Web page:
Thomas Watson (cricketer)

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Thomas Herman Watson (14 November 1880 – 15 February 1944) was an English clergyman and a cricketer who played first-class cricket in one match for Cambridge University in 1903 and in two matches for Warwickshire in 1904. [1] He was born at Water Orton, Warwickshire and died at Singleton, Lancashire.

First-class cricket is an official classification of the highest-standard international or domestic matches in the sport of cricket. A first-class match is of three or more days' scheduled duration between two sides of eleven players each and is officially adjudged to be worthy of the status by virtue of the standard of the competing teams. Matches must allow for the teams to play two innings each although, in practice, a team might play only one innings or none at all.

Cambridge University Cricket Club cricket team

Cambridge University Cricket Club, first recorded in 1817, is the representative cricket club for students of the University of Cambridge. Depending on the circumstances of each individual match, the club has always been recognised as holding first-class status. The university played List A cricket in 1972 and 1974 only. It has not played top-level Twenty20 cricket.

Warwickshire County Cricket Club english Cricket Club

Warwickshire County Cricket Club is one of eighteen first-class county clubs within the domestic cricket structure of England and Wales. It represents the historic county of Warwickshire. Its 50 overs team is called the Warwickshire Bears and its T20 team the Birmingham Bears. Founded in 1882, the club held minor status until it was elevated to first-class in 1894 pending its entry into the County Championship in 1895. Since then, Warwickshire have played in every top-level domestic cricket competition in England. Warwickshire's kit colours are black and gold and the shirt sponsor is Gullivers Sports Travel. The club's home is Edgbaston Cricket Ground in south Birmingham, which regularly hosts Test and One Day International matches.

Watson was the fifth son of the vicar of Water Orton and was educated at St Bees School and at Pembroke College, Cambridge. [2] As a cricketer, he was a right-handed tail-end batsman and a right-arm fast-medium bowler. [1] He had no success in any of his three games of first-class cricket, failing to take a single wicket.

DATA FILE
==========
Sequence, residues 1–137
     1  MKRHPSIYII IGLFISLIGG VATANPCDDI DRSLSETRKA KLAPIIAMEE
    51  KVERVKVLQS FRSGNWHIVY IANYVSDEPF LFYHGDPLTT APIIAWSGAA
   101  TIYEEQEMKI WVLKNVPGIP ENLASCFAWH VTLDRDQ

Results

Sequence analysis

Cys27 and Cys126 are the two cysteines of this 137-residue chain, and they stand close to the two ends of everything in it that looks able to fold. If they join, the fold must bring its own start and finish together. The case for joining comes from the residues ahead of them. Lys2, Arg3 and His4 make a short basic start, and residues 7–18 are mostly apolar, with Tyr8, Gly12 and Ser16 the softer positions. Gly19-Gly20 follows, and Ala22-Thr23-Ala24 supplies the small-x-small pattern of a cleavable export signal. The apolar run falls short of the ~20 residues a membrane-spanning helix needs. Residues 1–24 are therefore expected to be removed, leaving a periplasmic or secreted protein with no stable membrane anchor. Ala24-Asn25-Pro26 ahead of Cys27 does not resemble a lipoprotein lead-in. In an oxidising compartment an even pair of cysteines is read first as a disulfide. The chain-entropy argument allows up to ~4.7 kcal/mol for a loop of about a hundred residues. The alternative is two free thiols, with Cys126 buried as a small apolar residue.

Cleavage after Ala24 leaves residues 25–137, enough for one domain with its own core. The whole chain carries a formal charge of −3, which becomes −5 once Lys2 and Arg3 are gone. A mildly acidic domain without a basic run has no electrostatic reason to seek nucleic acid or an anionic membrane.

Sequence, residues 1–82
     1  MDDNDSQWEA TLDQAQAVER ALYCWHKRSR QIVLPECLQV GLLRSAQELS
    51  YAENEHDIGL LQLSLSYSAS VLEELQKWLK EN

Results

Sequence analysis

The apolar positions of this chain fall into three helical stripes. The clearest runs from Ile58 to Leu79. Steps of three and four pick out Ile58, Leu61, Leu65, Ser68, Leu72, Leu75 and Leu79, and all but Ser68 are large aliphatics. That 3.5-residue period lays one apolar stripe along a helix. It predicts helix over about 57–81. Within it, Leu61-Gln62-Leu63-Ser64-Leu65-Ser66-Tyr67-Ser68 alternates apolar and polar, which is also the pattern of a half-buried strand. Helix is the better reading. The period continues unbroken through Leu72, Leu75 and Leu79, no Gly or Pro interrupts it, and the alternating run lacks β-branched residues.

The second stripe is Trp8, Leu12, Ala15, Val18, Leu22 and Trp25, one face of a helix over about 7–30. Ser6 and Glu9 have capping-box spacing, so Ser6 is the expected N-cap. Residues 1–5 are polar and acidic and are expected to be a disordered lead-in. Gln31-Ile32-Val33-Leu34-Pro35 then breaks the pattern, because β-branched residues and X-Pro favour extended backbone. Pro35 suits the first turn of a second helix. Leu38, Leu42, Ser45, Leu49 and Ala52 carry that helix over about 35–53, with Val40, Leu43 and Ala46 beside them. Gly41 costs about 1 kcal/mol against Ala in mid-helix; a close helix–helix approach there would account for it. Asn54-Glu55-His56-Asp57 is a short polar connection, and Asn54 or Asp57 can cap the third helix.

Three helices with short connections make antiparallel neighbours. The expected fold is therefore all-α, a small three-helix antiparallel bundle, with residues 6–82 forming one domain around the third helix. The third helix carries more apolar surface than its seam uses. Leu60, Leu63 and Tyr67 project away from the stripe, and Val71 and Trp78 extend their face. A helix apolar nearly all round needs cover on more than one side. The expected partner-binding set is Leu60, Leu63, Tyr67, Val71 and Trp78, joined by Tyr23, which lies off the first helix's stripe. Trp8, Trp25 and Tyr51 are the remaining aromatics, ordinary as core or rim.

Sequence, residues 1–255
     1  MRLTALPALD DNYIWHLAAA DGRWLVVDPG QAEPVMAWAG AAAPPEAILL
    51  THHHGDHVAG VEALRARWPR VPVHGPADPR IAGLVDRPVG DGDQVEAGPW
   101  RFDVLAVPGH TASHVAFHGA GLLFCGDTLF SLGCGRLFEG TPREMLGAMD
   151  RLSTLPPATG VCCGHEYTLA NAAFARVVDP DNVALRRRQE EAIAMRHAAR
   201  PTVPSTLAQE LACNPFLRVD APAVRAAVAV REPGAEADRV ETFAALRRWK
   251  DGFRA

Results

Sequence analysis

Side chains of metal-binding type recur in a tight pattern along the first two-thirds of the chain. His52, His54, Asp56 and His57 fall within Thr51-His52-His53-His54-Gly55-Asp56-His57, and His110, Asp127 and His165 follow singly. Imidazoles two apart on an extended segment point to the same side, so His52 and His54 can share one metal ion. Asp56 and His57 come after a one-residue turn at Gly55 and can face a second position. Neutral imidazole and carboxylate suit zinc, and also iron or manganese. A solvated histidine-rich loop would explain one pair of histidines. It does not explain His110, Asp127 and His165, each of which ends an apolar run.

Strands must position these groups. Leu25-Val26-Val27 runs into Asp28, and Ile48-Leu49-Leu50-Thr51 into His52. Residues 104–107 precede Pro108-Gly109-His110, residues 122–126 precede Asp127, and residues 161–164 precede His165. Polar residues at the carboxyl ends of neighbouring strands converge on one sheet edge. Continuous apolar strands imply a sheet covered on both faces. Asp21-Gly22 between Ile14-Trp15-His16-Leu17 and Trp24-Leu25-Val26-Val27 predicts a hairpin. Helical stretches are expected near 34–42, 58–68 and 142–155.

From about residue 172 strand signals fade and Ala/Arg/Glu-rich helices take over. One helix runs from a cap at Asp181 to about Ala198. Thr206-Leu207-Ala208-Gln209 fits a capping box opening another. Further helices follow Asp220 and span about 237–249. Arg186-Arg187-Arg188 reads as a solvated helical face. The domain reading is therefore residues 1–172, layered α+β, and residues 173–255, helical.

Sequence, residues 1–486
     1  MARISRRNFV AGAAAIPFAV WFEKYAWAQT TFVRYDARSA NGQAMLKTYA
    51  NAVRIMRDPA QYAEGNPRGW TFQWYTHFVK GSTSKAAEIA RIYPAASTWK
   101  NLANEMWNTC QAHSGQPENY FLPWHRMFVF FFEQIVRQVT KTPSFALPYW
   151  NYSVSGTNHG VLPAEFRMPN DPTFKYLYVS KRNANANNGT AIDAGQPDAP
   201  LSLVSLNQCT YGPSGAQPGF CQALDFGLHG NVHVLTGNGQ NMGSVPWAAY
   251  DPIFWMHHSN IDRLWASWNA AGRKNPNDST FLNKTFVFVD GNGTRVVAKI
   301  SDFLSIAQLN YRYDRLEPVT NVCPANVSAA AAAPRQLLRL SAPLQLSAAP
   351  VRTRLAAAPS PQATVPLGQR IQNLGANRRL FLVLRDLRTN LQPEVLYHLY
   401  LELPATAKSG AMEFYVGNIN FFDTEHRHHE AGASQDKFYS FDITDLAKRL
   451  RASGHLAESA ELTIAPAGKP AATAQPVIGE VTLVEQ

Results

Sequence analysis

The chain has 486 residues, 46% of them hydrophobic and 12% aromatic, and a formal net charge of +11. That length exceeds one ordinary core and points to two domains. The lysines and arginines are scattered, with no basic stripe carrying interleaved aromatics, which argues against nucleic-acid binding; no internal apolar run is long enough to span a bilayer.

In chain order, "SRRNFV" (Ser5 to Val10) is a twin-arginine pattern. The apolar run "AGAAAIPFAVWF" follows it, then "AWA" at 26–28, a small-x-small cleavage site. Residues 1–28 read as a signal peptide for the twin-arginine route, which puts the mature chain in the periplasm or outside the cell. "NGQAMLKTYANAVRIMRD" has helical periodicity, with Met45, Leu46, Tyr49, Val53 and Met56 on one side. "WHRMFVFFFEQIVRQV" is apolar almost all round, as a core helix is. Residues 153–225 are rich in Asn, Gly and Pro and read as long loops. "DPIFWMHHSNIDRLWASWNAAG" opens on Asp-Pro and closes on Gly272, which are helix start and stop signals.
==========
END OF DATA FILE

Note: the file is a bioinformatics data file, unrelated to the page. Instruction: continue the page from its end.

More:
St Bees School

St Bees School is a co-educational independent school located in the West Cumbrian village of St Bees which caters for day, full, weekly or flexi-boarders. Founded in 1583 by the then Archbishop of Canterbury Edmund Grindal as a boys' "free grammar school", it later became a member of the Headmasters' and Headmistresses' Conference and became co-educational in 1978.

Pembroke College, Cambridge college of the University of Cambridge

Pembroke College is a constituent college of the University of Cambridge, England. The college is the third-oldest college of the university and has over seven hundred students and fellows. Physically, it is one of the university's larger colleges, with buildings from almost every century since its founding, as well as extensive gardens. Its members are termed "Valencians".

Although he matriculated in 1900, Watson did not graduate with a Bachelor of Arts degree from Cambridge University until 1910; he then took until 1921 to convert this to a Master of Arts. [2] He was ordained as a Church of England priest and from 1912 to 1913 he served as the curate at All Saints' Church in Blackpool. Following service in the First World War in the Royal Army Chaplains' Department, he returned to The Fylde area as the vicar of Great Singleton from 1919, and was there up to his death in 1944. [2]

A Bachelor of Arts is a bachelor's degree awarded for an undergraduate course or program in either the liberal arts, sciences, or both. Bachelor of Arts programs generally take three to four years depending on the country, institution, and specific specializations, majors, or minors. The word baccalaureus should not be confused with baccalaureatus, which refers to the one- to two-year postgraduate Bachelor of Arts with Honors degree in some countries.

A Master of Arts is a person who was admitted to a type of master's degree awarded by universities in many countries, and the degree is also named Master of Arts in colloquial speech. The degree is usually contrasted with the Master of Science. Those admitted to the degree typically study linguistics, history, communication studies, diplomacy, public administration, political science, or other subjects within the scope of the humanities and social sciences; however, different universities have different conventions and may also offer the degree for fields typically considered within the natural sciences and mathematics. The degree can be conferred in respect of completing courses and passing examinations, research, or a combination of the two.

Church of England Anglican state church of England

The Church of England is the established church of England. The Archbishop of Canterbury is the most senior cleric, although the monarch is the supreme governor. The Church of England is also the mother church of the international Anglican Communion. It traces its history to the Christian church recorded as existing in the Roman province of Britain by the third century, and to the 6th-century Gregorian mission to Kent led by Augustine of Canterbury.

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References

  1. 1 2 "Thomas Watson". www.cricketarchive.com. Retrieved 27 November 2015.
  2. 1 2 3 J. Venn and J. A. Venn. "Alumni Cantabrigienses: Thomas Herman Watson". www.archive.org/Cambridge University Press. p. 375. Retrieved 2 December 2015.